The U.S. market for distributed energy resources will look very different in five years than it does today.
Fossil-fueled combined-heat-and-power systems will continue to take a back seat to distributed solar and energy storage for behind-the-meter generation — although resilience against wildfires, hurricanes and other extreme weather events will drive adoption of both.
Residential smart thermostats and electric water heaters will supplant direct load controls in homes as a primary source of demand response, creating large new reservoirs of potential grid flexibility for utilities, grid operators and aggregators.
And electric vehicles will give utilities and regulators the opportunity to promote pricing regimes to encourage charging when electricity is abundant — or suffer potentially grid-destabilizing consequences.
These are some of the key findings in a new report from Wood Mackenzie Power & Renewables that pulls together disparate technologies into a broad-ranging forecast. By 2025, the combined capacity of these distributed energy resources (DERs) will reach 397 gigawatts, driven by $80.6 billion in cumulative investment between 2020 and 2025.
The COVID-19 pandemic and resulting economic downturn will reduce DER investments in 2020 and 2021, as solar and storage projects face permitting and installation delays, and as rising unemployment and falling economic activity threaten household and business budgets. But by 2023, the market will exceed its 2019 peak, and by 2025 will grow well beyond it. Here are some key takeaways from the Wood Mackenzie analyst webinar detailing the rise of these grid edge resources.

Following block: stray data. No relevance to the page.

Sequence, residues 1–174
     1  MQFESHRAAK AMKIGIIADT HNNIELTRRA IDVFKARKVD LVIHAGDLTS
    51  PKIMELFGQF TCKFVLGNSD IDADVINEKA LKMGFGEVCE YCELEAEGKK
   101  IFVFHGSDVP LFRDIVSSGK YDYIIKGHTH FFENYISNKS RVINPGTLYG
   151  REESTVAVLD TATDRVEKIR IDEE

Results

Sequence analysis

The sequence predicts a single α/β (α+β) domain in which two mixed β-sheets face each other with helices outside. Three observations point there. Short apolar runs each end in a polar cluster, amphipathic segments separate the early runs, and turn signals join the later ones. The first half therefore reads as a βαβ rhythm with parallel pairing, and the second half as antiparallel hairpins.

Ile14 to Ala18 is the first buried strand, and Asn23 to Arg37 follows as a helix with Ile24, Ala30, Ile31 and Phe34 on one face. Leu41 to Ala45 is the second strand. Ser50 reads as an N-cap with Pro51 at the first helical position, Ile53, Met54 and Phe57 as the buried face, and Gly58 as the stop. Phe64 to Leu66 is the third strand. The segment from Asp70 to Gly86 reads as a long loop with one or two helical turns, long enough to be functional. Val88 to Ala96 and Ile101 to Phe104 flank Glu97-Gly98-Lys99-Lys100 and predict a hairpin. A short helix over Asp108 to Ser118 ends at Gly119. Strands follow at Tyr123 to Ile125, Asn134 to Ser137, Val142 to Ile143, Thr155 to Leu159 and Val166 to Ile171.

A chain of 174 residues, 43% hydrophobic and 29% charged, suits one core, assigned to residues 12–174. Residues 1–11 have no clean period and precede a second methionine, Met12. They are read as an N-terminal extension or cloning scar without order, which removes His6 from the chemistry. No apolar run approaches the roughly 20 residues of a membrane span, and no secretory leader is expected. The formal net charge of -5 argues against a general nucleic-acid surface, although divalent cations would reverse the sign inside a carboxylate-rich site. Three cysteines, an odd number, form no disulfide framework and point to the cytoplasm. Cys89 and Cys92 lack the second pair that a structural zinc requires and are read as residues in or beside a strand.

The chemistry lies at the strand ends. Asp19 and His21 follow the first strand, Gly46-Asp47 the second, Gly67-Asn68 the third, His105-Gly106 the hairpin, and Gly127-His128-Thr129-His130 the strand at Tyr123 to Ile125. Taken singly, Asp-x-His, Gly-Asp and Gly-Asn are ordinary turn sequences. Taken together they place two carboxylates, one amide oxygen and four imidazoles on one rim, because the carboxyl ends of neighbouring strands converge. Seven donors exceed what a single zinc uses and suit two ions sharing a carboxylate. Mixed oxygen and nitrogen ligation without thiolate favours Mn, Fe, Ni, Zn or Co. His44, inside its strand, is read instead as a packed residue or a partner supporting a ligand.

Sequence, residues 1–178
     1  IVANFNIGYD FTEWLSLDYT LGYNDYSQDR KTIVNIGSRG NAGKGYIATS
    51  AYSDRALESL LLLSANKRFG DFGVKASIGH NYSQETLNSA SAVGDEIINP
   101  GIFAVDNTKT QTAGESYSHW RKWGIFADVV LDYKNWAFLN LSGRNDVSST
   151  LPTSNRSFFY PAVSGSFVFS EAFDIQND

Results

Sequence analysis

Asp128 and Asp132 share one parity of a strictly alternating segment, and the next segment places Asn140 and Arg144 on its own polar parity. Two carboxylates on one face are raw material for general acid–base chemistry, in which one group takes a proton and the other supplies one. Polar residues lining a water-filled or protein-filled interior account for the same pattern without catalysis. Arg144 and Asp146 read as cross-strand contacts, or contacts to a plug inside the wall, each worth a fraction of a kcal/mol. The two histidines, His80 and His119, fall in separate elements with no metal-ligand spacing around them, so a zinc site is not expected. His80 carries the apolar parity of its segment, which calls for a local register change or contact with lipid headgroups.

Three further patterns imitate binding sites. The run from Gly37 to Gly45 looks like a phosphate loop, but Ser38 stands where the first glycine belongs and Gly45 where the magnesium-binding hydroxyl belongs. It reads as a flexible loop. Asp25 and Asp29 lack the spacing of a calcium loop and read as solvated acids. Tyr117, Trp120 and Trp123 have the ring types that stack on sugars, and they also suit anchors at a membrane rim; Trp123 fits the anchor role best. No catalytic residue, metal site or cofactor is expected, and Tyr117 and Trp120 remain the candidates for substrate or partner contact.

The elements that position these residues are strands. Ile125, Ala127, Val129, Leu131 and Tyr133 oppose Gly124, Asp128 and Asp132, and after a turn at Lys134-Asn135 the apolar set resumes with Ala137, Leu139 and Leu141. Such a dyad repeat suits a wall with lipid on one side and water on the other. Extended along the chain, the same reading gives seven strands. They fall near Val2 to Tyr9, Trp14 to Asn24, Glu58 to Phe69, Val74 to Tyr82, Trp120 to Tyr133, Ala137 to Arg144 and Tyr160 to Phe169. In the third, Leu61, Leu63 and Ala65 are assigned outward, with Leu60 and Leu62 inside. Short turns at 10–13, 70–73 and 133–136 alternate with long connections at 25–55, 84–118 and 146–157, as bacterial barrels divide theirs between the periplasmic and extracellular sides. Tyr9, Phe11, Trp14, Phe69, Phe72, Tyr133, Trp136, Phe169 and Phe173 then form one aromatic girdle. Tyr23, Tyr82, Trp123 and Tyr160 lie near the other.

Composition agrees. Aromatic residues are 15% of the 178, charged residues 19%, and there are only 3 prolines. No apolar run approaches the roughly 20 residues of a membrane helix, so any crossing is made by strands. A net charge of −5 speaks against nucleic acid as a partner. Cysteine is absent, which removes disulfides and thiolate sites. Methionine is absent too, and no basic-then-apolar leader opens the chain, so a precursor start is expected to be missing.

1) Solar will retain its leading role in distributed generation
Over the past decade, distributed solar has taken the lead over fossil-fueled generators for behind-the-meter generation, WoodMac analyst Isaac Maze-Rothstein noted. That’s largely because the advantages of combined-heat-and-power systems fired with cheap natural gas, which make up 86 percent of fossil-fueled on-site generation installed since 2000, have been matched by the falling costs and favorable policies for solar PV at the residential and commercial scale.
Solar won’t be as cheap in the coming years, as the declining federal Investment Tax Credit will slightly outmatch continued cost declines, he said. Still, solar will grow at a faster rate than fossil-fueled generation, making up roughly two-thirds of the 95 gigawatts of distributed generation expected for the U.S. market by 2025, according to Maze-Rothstein.
2) Resiliency will be a major driver for distributed generation and energy storage
Generators can provide some services that solar PV alone can’t, such as backup for days-long grid disruptions. The number of extreme weather events that caused more than $1 billion in damages increased 133 percent over the past decade, and climate change will likely lead to more of them in the years to come.
But the value of combined-heat-and-power systems is limited to relatively few areas where natural-gas prices are much lower than grid electricity. Most future on-site fossil-fuel generators are likely to “be used almost as a peaking asset, where they are helping with resiliency and generating revenue through interacting with the grid,” Maze-Rothstein said.
Energy storage — primarily lithium-ion batteries — will also benefit from the need for resiliency, said Brett Simon, WoodMac senior energy storage analyst. Fire-prevention blackouts in California have driven up battery “attach rates” for solar installations, and Gulf Coast and Eastern Seaboard hurricanes are creating similar market dynamics.
Resiliency isn’t the only driver for batteries, Simon noted. Commercial demand-charge management, shifting net-metering policies that make storing solar power more lucrative, and the potential for grid services will also play a role in driving behind-the-meter storage to become a 6.2 gigawatt-hour annual market by 2025.